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[off topic] setup

On Sat, Jun 16, 2001 at 12:42:04PM -0400, Duane Morin wrote:
> > The word "setup" does exist in the English language, but it is a NOUN,
> > meaning, "the way in which something is arranged," or "a hoax or
> > fraud."  Many people lately have been using it as a verb, meaning, "to
> > assemble or erect, establish, configure, or to cause."  In this form,
> > it is a two-word phrase, "set up."
> You're bringing this up the same week we learn that "doh" is now
> officially recognized as a word by the OED.  Language changes.  That
> is the way it has always been, and will always be.  

I'm well aware of the evolutionary processes that all natural
languages undergo, having put forth that very same argument in
relation to the use of the term "hacker" in common speech.  I really
didn't want to get into this in too much detail on this list, since
this discussion really doesn't belong here.

To that end, I will do something that I think is a somewhat novel
idea; I'll set up a mail alias on my own mail server,
language at, to continue this discussion.  I will further
ask that if you want to banter about this subject or any of the other
issues I raise here after this message, that you NOT reply to this
list, but that you forward your remarks to that address instead.  If
anyone has an interest in participating, send me e-mail, and I'll add
you to the alias.  If this discussion ends up being somewhat long
winded (which I doubt), I'll set up a genuine mailing list, and
possibly even archive it.  I don't know how effective this will be in
keeping this traffic off the list, but I'm willing to give it a try.

But since I raised the issue here, and your response was here, I'll
offer my rebuttal here as well.  Any future mail in this thread on
these mailing lists will be ignored by me.  I encourage you to use the
afforementioned e-mail address instead.


I will assert that there are at least three common reasons why
language changes:

  1. A new idea is introduced into the language, or a slang term for
     an existing idea comes into common usage.  

  2. A word is taken from jargon into common usage, often with a
     slightly different meaning than it had in its jargon context.

  3. A word in long-standing common usage becomes commonly and
     consistently misused or misspelled, and the corruption of the
     proper word is inserted into common language.

There may be a few others I haven't considered.  "Doh (generally
spelled d'oh whenever I've seen it in print) I think falls into the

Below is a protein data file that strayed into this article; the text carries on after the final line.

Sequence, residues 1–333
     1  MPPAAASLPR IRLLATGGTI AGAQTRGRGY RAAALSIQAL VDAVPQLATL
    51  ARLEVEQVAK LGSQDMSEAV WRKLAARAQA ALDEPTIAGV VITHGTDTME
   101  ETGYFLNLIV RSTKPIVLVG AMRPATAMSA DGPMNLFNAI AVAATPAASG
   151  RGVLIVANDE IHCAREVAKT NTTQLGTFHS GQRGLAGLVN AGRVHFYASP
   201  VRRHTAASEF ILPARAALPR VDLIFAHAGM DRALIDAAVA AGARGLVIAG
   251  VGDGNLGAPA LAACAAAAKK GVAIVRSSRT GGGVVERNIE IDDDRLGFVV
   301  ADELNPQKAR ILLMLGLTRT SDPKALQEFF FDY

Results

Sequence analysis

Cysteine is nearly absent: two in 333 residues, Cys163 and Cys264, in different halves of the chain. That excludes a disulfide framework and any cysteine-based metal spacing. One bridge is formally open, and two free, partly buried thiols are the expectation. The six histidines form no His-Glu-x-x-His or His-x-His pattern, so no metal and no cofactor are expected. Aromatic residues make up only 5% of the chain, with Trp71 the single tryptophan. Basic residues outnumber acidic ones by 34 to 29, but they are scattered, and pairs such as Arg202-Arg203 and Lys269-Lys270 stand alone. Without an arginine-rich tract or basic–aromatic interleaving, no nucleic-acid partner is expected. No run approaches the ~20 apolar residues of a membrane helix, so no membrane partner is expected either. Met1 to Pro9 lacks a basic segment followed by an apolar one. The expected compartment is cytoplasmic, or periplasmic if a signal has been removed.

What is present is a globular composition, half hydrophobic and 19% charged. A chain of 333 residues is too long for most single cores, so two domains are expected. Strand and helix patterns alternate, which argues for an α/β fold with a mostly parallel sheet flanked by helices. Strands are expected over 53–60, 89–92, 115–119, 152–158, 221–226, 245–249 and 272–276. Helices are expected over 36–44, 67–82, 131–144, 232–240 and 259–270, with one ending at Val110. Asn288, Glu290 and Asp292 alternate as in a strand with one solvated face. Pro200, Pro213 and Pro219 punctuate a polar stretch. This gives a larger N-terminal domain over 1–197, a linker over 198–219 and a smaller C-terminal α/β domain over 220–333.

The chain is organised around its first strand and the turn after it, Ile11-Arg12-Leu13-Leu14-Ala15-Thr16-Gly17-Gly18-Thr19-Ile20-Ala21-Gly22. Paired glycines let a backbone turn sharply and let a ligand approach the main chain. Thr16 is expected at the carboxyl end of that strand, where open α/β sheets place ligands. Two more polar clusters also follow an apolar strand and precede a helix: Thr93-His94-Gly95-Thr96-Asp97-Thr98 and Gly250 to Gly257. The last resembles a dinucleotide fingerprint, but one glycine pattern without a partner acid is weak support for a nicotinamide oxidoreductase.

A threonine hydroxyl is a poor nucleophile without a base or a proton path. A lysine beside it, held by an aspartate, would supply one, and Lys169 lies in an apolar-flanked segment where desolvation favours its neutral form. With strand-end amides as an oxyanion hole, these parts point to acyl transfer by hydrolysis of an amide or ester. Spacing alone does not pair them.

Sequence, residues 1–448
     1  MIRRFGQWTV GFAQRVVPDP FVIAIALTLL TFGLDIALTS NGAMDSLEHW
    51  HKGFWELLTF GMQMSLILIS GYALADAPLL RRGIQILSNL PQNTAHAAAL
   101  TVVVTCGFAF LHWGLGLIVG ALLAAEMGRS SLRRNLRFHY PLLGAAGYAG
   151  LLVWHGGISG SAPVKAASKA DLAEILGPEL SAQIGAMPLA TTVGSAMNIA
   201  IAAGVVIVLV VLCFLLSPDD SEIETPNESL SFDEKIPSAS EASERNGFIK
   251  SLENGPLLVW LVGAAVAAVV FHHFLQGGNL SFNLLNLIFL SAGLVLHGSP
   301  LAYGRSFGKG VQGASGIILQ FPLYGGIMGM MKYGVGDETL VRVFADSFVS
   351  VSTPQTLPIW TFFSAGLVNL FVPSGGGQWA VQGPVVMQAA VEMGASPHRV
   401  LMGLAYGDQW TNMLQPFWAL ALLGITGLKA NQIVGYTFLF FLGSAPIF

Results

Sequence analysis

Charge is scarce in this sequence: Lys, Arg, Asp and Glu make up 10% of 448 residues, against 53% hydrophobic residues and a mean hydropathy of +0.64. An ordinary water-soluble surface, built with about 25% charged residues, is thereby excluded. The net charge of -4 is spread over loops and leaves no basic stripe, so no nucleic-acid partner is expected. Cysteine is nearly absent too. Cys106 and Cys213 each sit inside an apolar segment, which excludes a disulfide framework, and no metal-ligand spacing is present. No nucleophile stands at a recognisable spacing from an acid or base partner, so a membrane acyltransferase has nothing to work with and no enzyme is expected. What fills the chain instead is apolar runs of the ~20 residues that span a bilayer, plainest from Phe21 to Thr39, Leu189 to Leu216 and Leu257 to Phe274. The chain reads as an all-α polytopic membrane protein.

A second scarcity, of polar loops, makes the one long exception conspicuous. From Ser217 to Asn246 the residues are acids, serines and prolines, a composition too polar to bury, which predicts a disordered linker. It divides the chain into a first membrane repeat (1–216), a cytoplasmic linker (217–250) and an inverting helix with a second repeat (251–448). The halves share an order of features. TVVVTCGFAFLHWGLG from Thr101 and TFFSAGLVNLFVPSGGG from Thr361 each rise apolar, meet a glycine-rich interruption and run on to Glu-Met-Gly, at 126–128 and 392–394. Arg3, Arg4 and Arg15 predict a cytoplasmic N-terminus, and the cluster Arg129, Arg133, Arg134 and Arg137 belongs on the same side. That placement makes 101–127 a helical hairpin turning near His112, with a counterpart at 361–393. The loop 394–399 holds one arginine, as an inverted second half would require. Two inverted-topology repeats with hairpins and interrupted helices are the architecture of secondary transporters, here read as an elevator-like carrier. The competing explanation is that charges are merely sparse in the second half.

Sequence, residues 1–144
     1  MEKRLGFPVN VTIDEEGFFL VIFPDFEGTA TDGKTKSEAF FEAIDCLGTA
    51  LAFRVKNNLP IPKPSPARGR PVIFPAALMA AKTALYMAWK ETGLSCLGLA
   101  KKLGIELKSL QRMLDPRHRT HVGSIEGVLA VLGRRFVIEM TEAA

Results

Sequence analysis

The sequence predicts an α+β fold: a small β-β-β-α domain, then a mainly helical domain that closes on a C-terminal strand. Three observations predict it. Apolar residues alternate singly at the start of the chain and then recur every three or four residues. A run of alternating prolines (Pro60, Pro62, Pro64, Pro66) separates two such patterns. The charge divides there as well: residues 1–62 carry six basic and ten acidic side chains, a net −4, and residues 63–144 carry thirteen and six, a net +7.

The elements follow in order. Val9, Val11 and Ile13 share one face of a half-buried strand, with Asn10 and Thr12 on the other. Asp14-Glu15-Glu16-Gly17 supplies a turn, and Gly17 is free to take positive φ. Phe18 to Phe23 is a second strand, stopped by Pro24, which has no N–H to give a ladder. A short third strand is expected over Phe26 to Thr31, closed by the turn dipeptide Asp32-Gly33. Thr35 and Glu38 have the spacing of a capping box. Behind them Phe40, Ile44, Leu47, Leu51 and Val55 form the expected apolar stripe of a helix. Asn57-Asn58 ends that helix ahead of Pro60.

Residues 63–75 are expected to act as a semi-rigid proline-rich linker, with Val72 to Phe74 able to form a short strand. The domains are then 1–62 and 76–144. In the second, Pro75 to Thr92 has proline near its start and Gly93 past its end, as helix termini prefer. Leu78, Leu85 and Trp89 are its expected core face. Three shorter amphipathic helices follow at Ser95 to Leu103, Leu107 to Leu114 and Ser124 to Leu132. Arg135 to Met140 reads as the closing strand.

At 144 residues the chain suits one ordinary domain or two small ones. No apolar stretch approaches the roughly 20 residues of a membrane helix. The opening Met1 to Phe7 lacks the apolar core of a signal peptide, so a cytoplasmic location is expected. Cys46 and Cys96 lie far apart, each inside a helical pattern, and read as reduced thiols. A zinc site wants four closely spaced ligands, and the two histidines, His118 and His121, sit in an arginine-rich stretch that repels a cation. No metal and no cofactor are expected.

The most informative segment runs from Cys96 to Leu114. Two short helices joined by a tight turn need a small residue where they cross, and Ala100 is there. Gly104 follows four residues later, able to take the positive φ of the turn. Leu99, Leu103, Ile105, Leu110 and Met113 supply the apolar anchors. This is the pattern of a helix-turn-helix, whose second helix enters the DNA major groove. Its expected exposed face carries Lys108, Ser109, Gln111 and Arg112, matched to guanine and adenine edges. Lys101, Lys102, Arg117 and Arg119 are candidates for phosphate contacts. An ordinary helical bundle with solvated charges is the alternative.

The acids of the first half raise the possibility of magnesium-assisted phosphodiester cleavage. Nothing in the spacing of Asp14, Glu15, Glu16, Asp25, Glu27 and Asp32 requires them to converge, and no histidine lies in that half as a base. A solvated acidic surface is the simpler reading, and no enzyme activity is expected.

first category.  I have not seen the OED entry, but I suspect it will
say that the term is slang (or similar).  If it doesn't, it probably
really ought to.  My "hacker" example is a case of the second, and
while I like the media's usage of the term as little as most people on
this list do, we must acknowledge that our preferred definition is
jargon, and generally unknown to people in common speech.

I'd like to think, however, that in a so-called "enlightened" society,
where we have come to understand the process of the evolution of
language, that we consider the third case unacceptable, and work as a
society to stamp it out.  I'd like to think that wrong is just plain
wrong; that 1 + 1 does not equal 3 no matter how many people come to
think it does.  We should not corrupt our language just because a
large percentage of people who speak it can't be bothered to learn to
speak it well...  It reminds me of the Kurt Vonnegut story, "Harrison
Bergeron," where everyone in society is artificially crippled down to
the level of the least capable person in society, so that no one has
an unfair advantage.  Even if you haven't read it, surely you can see
how absurd this idea is.  If not, I encourage you to read the story.

> Soon, "setup" will be "officially recognized" as a verb, for
> whatever that is worth.

I hope you are wrong.  Consider this my little campaign to prevent
that from happening, if you like. [Look ma, I'm an activist...]  I
have seen people write articles on such topics as "The dumbing down of
society," and this is the sort of thing they're complaining about.  It
makes me want to stand in the street and scream "what's so bloody
WRONG with wanting to NOT be wrong?"

> > I blame Microsoft for this, given that the install program for all
> > Microsoft apps is called setup.exe, which does the action described by